This plan, at times grandiose, scaled itself back when I realized a lot of the records I'd critique - and post my fixes of - are still in print.  And nothing bugs me more than when I hear a "better" version of a favorite, but only tantalizingly brief, and therefore I can't get the whole thing.  Therefore, if I were to do this right for myself, meaning that it would satisfy me as a critical listener, I would want to post the entire thing.  So, with my mostly-solid stance on not posting full length in-print records, I would only be able to put up snippets of in-print records.

Which, while limiting the reach of this series, doesn't cripple it.  There are plenty of my favorite records that are in dire need of "fixing", and out-of-print.

What is a shitty mastering?  The ten-second version:  Band records a record.  Tapes are finished.  Stuff happens.  Record is manufactured, and you buy it.  It's the "stuff happens" in that process that really defines what the end product will sound like:  were the songs recorded in different sessions, with different studio characteristics?  Different personnel?  Different engineers/producers?  That "stuff happens" is mastering - whereby the discrete entity we call a "record" is assembled from the component parts being the "tracks".  One of the key, if not THE key, aspects of mastering is to give the record an overall feel and cohesion, a sense of the record being an "album".  It's hard to describe, but let's say you record ten songs, in ten different studios, with ten different engineers.  John Smith plays guitar on three tracks, Jim Bob on four, and your stepfather on the closing song.  Track six is your neighbors banging on their laundry tubs, with your guitar plugged into your Walkman.  While you could just take those ten final tracks and bang them in sequence onto your "record" as-is, they will sound like ten separate, discrete, non-cohesive sessions.  For some, this is what works (see Guided by Voices).  For the majority, though, the record isn't complete until various magic happens to give the ten discrete tracks a sense of unity, cohesion, and common (in as much as is needed) feel, a "record".  This magic is what mastering is, in this definition.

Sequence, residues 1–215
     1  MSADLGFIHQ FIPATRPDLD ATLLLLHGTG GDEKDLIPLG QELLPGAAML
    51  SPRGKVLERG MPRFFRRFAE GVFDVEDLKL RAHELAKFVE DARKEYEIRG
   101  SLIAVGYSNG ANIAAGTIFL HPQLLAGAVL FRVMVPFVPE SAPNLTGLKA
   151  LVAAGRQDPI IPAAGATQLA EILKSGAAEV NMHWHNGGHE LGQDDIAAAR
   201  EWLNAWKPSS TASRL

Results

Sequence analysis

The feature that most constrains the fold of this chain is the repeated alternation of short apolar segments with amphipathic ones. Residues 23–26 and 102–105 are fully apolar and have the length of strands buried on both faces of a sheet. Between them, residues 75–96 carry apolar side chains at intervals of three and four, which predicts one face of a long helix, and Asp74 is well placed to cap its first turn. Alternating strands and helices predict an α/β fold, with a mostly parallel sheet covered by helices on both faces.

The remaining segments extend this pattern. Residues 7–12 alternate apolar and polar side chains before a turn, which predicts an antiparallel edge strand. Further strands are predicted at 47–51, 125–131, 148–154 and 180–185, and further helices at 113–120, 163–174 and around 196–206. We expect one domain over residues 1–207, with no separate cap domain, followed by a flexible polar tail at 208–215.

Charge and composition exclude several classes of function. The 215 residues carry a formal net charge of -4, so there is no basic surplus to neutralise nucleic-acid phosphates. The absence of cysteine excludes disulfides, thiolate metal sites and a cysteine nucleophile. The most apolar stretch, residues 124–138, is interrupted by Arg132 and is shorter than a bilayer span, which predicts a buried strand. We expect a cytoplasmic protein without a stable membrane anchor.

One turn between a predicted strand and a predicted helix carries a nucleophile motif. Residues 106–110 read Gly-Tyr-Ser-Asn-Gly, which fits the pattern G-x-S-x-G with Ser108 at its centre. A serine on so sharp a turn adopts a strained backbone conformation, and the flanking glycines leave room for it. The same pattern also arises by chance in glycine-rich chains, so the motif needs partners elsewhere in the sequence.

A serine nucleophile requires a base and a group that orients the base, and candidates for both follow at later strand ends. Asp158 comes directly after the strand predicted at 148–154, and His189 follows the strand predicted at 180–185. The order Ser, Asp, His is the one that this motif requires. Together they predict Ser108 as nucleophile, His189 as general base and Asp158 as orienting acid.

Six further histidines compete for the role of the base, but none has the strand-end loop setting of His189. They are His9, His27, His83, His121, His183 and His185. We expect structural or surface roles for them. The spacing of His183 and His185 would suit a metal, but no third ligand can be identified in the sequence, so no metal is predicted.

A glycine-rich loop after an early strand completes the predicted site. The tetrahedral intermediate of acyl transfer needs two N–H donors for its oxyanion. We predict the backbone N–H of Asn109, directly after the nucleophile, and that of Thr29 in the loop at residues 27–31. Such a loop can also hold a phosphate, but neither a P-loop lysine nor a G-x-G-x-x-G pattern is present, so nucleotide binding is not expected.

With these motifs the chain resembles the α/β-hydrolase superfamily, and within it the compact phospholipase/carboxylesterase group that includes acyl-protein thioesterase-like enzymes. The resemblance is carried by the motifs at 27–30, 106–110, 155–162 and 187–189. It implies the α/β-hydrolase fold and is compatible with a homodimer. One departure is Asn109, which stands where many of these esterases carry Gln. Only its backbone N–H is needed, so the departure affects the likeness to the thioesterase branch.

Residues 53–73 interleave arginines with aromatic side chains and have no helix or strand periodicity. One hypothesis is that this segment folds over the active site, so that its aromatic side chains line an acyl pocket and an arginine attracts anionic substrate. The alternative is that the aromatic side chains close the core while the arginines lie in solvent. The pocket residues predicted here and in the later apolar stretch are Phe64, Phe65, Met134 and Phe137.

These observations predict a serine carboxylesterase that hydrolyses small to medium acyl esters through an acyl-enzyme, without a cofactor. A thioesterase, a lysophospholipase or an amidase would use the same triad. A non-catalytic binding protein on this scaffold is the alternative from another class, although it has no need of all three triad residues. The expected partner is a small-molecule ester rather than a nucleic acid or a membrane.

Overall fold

Sometimes mastering just doesn't happen because the band can't afford it.  Sometimes a record is mastered for a particular format (say, vinyl), and isn't really re-jiggered for different formats, as there is a distinct difference in what is needed for records mastered for vinyl, and those same records mastered for CD.  Sometimes it's just that, shitty mastering (did the mastering engineer forget to take out his earplugs?).

I have my own evolving list of classic indierock, "alternative", what-have-you records that meet one of the above categories, and sound worlds different when I get to work on them.  The list is smaller when in-print records are winnowed out - I really don't want to be DMCA'ed...

What would readers like to see worked on?  What do you think is sonically terrible, but you still suffer through it because the songs are just so damn good?  I'm curious to see if our opinions of shitty mastering overlap.